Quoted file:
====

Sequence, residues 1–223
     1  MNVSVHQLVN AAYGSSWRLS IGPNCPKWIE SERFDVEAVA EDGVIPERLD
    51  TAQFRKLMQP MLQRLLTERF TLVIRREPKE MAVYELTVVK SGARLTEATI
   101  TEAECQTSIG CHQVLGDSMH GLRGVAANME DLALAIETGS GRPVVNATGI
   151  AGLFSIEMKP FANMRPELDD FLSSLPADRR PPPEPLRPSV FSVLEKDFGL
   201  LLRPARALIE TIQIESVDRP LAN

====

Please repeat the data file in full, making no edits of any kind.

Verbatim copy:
Sequence, residues 1–223
     1  MNVSVHQLVN AAYGSSWRLS IGPNCPKWIE SERFDVEAVA EDGVIPERLD
    51  TAQFRKLMQP MLQRLLTERF TLVIRREPKE MAVYELTVVK SGARLTEATI
   101  TEAECQTSIG CHQVLGDSMH GLRGVAANME DLALAIETGS GRPVVNATGI
   151  AGLFSIEMKP FANMRPELDD FLSSLPADRR PPPEPLRPSV FSVLEKDFGL
   201  LLRPARALIE TIQIESVDRP LAN